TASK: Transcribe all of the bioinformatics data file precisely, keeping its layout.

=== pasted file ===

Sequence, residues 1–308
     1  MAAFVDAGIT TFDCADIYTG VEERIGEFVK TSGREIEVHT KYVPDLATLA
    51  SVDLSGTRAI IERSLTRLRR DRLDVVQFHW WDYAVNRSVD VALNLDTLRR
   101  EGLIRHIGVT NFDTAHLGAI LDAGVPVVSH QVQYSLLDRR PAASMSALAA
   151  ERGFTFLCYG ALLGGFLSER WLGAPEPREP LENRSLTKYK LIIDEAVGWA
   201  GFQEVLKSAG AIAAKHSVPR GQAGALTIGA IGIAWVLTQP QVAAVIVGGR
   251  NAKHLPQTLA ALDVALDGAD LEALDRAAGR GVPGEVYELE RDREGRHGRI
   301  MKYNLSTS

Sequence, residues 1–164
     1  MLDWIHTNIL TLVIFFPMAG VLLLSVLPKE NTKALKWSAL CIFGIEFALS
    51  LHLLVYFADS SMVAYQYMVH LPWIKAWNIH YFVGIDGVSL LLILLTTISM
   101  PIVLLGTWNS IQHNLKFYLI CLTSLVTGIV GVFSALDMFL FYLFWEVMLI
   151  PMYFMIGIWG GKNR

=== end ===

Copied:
Sequence, residues 1–308
     1  MAAFVDAGIT TFDCADIYTG VEERIGEFVK TSGREIEVHT KYVPDLATLA
    51  SVDLSGTRAI IERSLTRLRR DRLDVVQFHW WDYAVNRSVD VALNLDTLRR
   101  EGLIRHIGVT NFDTAHLGAI LDAGVPVVSH QVQYSLLDRR PAASMSALAA
   151  ERGFTFLCYG ALLGGFLSER WLGAPEPREP LENRSLTKYK LIIDEAVGWA
   201  GFQEVLKSAG AIAAKHSVPR GQAGALTIGA IGIAWVLTQP QVAAVIVGGR
   251  NAKHLPQTLA ALDVALDGAD LEALDRAAGR GVPGEVYELE RDREGRHGRI
   301  MKYNLSTS

Sequence, residues 1–164
     1  MLDWIHTNIL TLVIFFPMAG VLLLSVLPKE NTKALKWSAL CIFGIEFALS
    51  LHLLVYFADS SMVAYQYMVH LPWIKAWNIH YFVGIDGVSL LLILLTTISM
   101  PIVLLGTWNS IQHNLKFYLI CLTSLVTGIV GVFSALDMFL FYLFWEVMLI
   151  PMYFMIGIWG GKNR